The fabric of your reality is fraying at the seams. Your president is an orange racist that America found on reality TV, you eke out a living as an independent contractor for a tech company that would like to take your job away and give it to a robot, and because are too busy to sit down and eat, you consume flavorless but nutrient-rich Soylent in place of your meals. Instead of using what little spare time you have to socialize in reality, you spend your nights sitting alone at your computer, drinking mass-produced craft-style beer, posting online. Your life is so terrible that it cannot be real. This must be a nightmare. You slap yourself in the face.

You do not wake up, because you are already awake. You scream but no one hears you, because there is no one around.

How did things go so horribly wrong? Is it the eclipse's fault? Are you living in another, shittier dimension than the one you came from, and when you crossed over, was your mind wiped and your old memories replaced with new ones? If this horrifying possibility is true, its own sinister design ensures you have no way of knowing for certain. But of one thing, you are sure: As technology develops, it becomes easier and easier to identify points where minor details veer from the details you remember from your past. Like glitches in the matrix, your memories and perceptions sometimes don't align with the physical proof.

Consider the Berenst#in phenomenon, where thousands of people remember the spelling "Berenstein" on their Berenstain Bears books, but then upon seeking out the books, find that the name is spelled Berenstain. Or the hundreds of people who remember the Sinbad film Shazaam, which arguably does not exist, though the Shaq film Kazaam does. Imagine it's happened to you. What is that feeling in your gut––that feeling of terror, of nonunderstanding. You're sure it was Sinbad. You remember the movie so vividly––you can see your child-sized hands on the VHS cover, tracing the familiar bold print. You know, somehow, deep in your physical body: this is wrong. Your body remembers its true universe, the Shazaam universe. But somehow you've crossed over to another place. The Kazaam universe. It's the same, but different. What if it keeps happening? What if it keeps getting worse?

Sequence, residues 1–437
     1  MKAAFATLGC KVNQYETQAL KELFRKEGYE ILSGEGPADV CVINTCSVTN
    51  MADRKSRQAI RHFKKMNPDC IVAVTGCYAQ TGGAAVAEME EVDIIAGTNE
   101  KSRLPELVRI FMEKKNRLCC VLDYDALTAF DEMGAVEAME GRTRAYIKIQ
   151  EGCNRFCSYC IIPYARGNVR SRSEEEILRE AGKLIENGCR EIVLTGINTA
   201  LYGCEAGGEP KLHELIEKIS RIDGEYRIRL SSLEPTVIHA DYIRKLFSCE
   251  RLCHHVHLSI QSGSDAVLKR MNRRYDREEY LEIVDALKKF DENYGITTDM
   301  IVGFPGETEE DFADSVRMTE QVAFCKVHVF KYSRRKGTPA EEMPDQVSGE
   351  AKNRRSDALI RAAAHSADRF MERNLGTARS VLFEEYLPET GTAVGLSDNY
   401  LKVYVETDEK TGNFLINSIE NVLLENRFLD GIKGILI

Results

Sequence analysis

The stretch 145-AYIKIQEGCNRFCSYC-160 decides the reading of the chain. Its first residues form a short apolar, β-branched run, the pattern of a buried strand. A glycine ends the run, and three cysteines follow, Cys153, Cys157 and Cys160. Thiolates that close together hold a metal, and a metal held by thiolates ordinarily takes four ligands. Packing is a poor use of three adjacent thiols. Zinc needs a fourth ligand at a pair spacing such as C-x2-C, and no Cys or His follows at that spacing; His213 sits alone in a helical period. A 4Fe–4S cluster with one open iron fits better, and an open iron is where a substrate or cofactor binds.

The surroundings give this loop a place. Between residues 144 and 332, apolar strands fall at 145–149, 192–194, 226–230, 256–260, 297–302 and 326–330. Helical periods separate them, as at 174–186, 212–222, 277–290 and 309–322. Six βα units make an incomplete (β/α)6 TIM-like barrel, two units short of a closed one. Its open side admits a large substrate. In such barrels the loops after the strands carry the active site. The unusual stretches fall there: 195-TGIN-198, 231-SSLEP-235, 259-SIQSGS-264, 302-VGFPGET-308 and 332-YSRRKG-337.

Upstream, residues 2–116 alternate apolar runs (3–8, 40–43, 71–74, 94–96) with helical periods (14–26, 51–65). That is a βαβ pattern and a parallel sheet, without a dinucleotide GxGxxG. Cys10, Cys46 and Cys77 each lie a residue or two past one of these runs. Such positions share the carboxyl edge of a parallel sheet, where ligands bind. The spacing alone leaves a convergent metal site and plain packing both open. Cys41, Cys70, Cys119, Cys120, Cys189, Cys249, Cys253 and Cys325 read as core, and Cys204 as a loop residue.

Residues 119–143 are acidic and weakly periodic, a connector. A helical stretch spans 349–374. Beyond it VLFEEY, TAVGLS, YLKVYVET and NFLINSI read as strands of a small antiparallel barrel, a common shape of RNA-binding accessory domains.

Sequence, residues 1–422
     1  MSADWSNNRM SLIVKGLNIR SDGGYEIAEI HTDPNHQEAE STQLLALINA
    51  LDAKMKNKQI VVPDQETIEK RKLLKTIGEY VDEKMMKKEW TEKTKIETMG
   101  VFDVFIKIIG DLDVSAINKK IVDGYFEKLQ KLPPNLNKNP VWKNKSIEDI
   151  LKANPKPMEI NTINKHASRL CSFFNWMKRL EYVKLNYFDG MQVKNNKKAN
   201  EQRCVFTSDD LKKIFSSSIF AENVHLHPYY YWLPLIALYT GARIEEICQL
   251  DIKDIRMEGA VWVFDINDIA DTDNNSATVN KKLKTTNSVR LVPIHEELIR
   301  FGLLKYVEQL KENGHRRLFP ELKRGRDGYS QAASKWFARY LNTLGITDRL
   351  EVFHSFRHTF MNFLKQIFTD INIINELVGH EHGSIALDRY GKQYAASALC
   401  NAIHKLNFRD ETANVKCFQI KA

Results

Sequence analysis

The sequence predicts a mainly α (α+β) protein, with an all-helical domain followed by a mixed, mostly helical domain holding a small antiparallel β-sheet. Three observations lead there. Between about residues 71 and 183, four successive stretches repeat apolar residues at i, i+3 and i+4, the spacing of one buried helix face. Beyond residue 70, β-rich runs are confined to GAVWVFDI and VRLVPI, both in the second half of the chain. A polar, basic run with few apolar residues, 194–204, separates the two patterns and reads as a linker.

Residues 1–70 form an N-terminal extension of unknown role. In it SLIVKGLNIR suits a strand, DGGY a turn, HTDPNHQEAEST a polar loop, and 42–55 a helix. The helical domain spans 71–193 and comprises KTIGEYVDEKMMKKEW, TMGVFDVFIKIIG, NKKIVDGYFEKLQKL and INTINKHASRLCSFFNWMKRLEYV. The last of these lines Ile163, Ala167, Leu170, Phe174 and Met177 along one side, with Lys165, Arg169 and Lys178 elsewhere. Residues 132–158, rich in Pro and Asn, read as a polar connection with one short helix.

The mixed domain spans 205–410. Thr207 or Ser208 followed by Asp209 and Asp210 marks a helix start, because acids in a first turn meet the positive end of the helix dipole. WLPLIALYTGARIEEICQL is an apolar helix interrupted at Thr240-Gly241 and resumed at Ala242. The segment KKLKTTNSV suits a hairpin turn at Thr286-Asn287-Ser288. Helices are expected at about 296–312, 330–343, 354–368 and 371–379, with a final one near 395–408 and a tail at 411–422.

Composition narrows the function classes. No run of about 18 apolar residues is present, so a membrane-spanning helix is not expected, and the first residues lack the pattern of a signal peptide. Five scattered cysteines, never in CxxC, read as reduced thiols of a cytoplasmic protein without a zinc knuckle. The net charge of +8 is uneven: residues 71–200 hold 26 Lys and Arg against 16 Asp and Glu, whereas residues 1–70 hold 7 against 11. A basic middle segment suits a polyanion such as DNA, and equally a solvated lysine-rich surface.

Imagine this.

You're at home, visiting your parents for a weekend. You gather around the familiar table in the familiar kitchen, you cook a familiar, beloved meal, and you eat it together. After dinner, sated and relaxed, you move into the living room with a glass of wine, and sit together on the couch facing the TV.

"Let's watch a movie," your mom says. "What about Dirty Dancing?"

Ah, yes, Dirty Dancing. One of your favorites. You remember it vividly from your youth. Iconic scenes stick out in your mind: a girl watching a man's hips swing in tight pants, the intoxicating movement of bodies in a basement, the uprising of the talent, artistic poor over the crusty, conservative, old rich.

"I love that movie," you say, and so your mom starts the DVD.

As the movie rolls on, you begin to feel unsure.

"This is Dirty Dancing, right?" you ask.

"Of course," your mom says.

It has the girl watching a man's hips swing in tight pants. It has the skinny women in cut-off shirts that drape off their shoulders. It has out-of-touch old men, men who seek to stop the joy and self-expression of dance. It has young men, evil men, who abuse young women to exert their fading power. It has the gymnastics scene where––wait, what the fuck?